One of the best things about protein powder is how versatile it is. You can blend it into smoothies, mix it into your yogurt, or even bake with it. Try replacing about ⅓ of the flour in your recipe with protein powder and see how your favorite recipe turns out!
Creatine is another potential supplement to include in your diet. Creatine is your body’s source of energy for muscle contraction. About half of your body’s supply comes from meat sources and half from your liver. That means vegetarians and vegans especially can benefit from creatine supplementation when trying to build muscle.
TL;DR: Prioritize wholesome nutrition over-supplementation, and you’re likely fine. The only two you should do extensive research on before adding them to your nutrition are protein powder and creatine.
Do NOT Follow Fad Diets
Unfortunately, the diet industry is overwhelmed with fad diets. Whether it’s the carnivore diet or the latest lemon juice-and-cayenne-pepper cleanse, it can be easy to fall for the latest gimmick or Instagram ad.
Do not do this. I can’t stress this enough — do not do this. The next time you’re tempted to launch yourself into a new detox or follow the promises of that Instagrammer who’s touting her six-pack with no effort, resist.
This may be easier said than done, but here’s a trick: whatever it is you saw that sparked your desire to try whatever diet, walk away. Put away your phone, close your laptop, turn off your TV, or tell your evangelical friend to cool it, and literally walk away.
Take at least 30 minutes to really think about what you saw. Even better, run it through a few educated searches. Add “site:org” or “site:edu” to the beginning of your Google search, so you get only scientifically-backed results.
If you can’t find anything, it’s a fad, and you can move on.
TL;DR: Fad diets do WAY more harm than good. Separate yourself from the source that made you think you should follow it, and don’t look back.
What to Eat Before Your Workout
This could be an entire article on its own, but here’s a quick-and-dirty guide: work out 100% fasted or with a small complex carb + protein snack about 1 hour before your workout.
Some people do well with fasted workouts, and some don’t. The only way to know is trial-and-error. For example, if you prefer to do your workout first thing after waking up, fasted is likely a good choice. Or, if you try a fasted workout and struggle to do moves you otherwise crush, your body needs more fuel.
If you need fuel, choose complex carbs + protein. Think: banana + peanut butter or whole-wheat toast + hard-boiled egg.
TL;DR: Try fasted or a complex carb + protein about 1 hour before your workout.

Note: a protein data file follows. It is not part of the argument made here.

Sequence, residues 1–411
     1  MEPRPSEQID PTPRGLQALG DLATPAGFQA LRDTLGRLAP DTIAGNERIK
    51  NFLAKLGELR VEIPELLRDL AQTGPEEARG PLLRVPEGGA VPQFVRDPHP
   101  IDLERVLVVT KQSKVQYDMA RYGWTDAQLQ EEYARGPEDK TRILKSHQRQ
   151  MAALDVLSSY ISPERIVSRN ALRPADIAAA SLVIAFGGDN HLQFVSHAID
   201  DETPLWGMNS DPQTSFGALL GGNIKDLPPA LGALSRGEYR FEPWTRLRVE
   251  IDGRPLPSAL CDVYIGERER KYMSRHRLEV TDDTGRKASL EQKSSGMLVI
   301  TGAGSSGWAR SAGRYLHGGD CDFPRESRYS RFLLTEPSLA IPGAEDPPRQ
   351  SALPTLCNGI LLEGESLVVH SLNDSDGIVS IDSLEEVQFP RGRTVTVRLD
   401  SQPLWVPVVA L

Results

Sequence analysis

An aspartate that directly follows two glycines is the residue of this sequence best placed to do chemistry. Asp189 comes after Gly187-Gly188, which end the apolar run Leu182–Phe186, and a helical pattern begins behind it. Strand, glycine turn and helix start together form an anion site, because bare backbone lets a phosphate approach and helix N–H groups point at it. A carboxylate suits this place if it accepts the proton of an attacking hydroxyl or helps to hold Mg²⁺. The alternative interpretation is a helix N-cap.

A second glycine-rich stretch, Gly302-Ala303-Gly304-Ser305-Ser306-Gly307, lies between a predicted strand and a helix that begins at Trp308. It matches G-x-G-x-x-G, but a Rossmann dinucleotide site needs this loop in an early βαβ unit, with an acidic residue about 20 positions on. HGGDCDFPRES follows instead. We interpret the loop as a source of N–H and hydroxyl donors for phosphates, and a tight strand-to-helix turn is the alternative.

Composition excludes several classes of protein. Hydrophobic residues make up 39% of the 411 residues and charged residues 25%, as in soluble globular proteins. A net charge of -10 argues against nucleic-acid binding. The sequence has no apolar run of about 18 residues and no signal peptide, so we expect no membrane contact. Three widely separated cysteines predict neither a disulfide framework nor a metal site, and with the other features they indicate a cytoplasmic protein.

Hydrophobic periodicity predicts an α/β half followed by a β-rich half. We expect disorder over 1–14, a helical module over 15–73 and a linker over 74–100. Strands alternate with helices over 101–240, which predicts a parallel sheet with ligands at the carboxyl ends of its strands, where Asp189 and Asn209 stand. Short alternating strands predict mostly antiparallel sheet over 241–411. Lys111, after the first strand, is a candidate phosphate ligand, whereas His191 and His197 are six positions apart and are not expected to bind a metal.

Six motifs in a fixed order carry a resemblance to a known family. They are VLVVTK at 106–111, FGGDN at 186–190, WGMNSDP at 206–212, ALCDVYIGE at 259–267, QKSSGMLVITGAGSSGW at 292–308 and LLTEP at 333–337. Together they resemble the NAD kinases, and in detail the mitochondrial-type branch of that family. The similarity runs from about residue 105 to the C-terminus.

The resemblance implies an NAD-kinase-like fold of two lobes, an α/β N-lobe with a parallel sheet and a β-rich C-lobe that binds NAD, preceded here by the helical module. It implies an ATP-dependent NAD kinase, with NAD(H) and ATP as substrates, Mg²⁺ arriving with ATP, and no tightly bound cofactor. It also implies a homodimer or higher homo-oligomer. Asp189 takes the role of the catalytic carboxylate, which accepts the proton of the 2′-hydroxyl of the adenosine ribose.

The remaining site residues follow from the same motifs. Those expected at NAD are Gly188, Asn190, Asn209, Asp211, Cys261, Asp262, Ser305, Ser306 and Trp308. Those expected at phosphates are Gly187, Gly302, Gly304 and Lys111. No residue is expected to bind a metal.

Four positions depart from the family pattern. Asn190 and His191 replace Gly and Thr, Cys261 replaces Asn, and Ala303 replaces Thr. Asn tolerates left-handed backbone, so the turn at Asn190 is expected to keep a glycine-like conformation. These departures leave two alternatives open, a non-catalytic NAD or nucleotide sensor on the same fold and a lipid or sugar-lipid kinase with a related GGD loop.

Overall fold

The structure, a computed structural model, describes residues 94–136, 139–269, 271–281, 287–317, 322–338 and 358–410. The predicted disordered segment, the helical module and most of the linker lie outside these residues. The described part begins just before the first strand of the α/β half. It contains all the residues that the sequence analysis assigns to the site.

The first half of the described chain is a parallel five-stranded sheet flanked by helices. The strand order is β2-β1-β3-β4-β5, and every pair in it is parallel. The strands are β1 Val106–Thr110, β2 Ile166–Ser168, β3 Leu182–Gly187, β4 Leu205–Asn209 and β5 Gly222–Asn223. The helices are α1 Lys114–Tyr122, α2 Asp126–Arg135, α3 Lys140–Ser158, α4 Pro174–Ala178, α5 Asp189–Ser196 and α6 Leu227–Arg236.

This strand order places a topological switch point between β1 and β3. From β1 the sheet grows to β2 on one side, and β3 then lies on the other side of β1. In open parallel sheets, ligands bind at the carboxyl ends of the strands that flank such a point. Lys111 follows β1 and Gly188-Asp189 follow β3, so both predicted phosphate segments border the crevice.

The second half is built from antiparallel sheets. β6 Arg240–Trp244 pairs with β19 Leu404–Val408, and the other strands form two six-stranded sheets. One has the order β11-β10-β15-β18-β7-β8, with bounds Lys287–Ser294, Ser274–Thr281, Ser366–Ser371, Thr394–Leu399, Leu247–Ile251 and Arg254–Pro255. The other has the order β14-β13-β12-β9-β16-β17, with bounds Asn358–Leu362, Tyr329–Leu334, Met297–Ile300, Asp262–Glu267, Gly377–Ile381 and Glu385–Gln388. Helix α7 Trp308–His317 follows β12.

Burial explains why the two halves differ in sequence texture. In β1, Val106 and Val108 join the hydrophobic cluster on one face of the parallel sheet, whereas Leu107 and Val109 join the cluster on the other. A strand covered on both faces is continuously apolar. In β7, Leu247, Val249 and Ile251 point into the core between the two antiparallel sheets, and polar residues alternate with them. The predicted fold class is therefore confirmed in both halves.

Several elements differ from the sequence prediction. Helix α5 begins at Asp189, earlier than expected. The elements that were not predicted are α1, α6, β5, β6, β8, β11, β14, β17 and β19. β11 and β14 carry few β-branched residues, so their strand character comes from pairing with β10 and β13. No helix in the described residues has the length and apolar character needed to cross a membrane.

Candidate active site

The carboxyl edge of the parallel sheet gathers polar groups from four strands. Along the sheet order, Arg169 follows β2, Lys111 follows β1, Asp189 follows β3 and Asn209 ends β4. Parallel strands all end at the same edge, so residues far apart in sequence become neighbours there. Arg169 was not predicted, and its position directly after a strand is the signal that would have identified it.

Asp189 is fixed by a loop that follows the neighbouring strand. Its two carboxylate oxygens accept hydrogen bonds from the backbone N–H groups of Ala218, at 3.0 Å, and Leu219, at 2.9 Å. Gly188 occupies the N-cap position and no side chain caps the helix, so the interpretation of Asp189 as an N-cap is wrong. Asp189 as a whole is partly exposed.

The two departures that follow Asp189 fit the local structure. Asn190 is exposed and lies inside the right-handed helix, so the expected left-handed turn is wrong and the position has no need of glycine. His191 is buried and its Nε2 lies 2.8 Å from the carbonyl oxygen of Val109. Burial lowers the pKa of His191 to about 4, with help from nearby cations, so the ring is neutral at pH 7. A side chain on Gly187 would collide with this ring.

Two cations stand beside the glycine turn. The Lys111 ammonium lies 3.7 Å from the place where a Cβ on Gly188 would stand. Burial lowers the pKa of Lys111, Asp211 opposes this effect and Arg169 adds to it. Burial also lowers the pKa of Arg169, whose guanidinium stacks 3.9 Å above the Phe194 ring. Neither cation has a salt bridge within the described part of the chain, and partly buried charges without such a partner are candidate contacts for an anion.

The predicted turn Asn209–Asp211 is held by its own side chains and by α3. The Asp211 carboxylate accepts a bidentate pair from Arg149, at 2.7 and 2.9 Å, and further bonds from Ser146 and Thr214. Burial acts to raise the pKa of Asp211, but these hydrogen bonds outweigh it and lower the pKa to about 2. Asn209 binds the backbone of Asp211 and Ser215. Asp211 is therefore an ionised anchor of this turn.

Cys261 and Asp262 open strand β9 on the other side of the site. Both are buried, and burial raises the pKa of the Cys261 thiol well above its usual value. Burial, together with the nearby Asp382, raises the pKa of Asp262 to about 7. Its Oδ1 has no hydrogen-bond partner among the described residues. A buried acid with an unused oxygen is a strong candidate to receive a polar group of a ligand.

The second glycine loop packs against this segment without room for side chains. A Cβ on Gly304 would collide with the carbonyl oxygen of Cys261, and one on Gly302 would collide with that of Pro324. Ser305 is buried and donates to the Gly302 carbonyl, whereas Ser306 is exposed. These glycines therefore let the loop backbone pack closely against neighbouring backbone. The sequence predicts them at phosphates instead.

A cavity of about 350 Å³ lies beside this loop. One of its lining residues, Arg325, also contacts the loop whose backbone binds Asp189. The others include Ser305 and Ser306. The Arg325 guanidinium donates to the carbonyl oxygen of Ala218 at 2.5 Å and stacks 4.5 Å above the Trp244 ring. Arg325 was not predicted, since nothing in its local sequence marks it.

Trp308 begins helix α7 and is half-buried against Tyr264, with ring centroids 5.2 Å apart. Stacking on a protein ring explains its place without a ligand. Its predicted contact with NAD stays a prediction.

What to Eat After Your Workout
Again, this could be an entire article on its own, but in general, similar principles apply: prioritize complex carbs, protein, and veggies.
Try a spinach salad with roast chicken, whole wheat pasta with tofu, or a shake with frozen fruit, protein powder, and kale.
Science loves to go back and forth on whether or not timing your nutrition is worth anything. You might have heard you “need” to consume a certain amount of protein within 45 minutes of your workout, but honestly, that’s up to you.
I’d recommend the same research you use for investigating fad diets. Use .org or .edu sites and compare at least 4 different sources before you make a decision.
TL;DR: Prioritize protein, complex carbs, and veggies post-workout.
Stage 3: Rest And Recover
Rest Between Sets and Reps
In general, rest minimally, if at all, between reps. Between sets, rest at least 2 minutes. You should be lifting heavy enough you need 2 full minutes between your sets (if not 3) to recover enough to tackle the next one.
Rest Between Workout Days
Make sure to rest 48 hours between working specific muscles. You need to give your body time to rebuild the muscles you’ve worked before you work them again.
Rest at Night
Remember earlier when we told you sleep was important? You absolutely need to get that in gear. You might know these tips, but if you don’t, start now:
- End all screen time 1 full hour before bed. Turn off the TV, your phone, and your computer. Instead, try reading a book, doing meditation, journaling, or taking a bath.
- Reduce or eliminate your alcohol consumption, at the very least, on nights before your workouts.
- Stop caffeine at about 3pm (if you’re sensitive to it).
- Keep your bedroom as cool and dark as possible.
- Keep your bed for sex and sleep and nothing else. Your brain learns habits based on where you do them — if you’re constantly doing other things in bed, it will be more difficult for your brain to remember sleep happens there.
- If you struggle to quiet your brain, keep pen and paper (no screens!) beside your bed to jot down any nagging thoughts. Or, look into sleep-guided meditation apps that don’t require you to look at your phone.
- If it’s really bad, consider over-the-counter treatments like melatonin, but be careful with these and always check with your doctor first.
Sleep hygiene is another issue that can take an entire article, but try these tips to see how you can improve your rest at night.
TL;DR: Rest between sets, between workout days, and make sure your sleep is in order.
Wrapping It Up
Ladies, first of all — congratulations on bucking society’s expectations that you shouldn’t take up space or be muscular. That alone is a huge accomplishment and one worth celebrating.
To get there, set a goal, lift heavy, eat enough calories, and rest accordingly. Pretty soon, you’ll be crushing heavy lifts and helping other women to get there, too.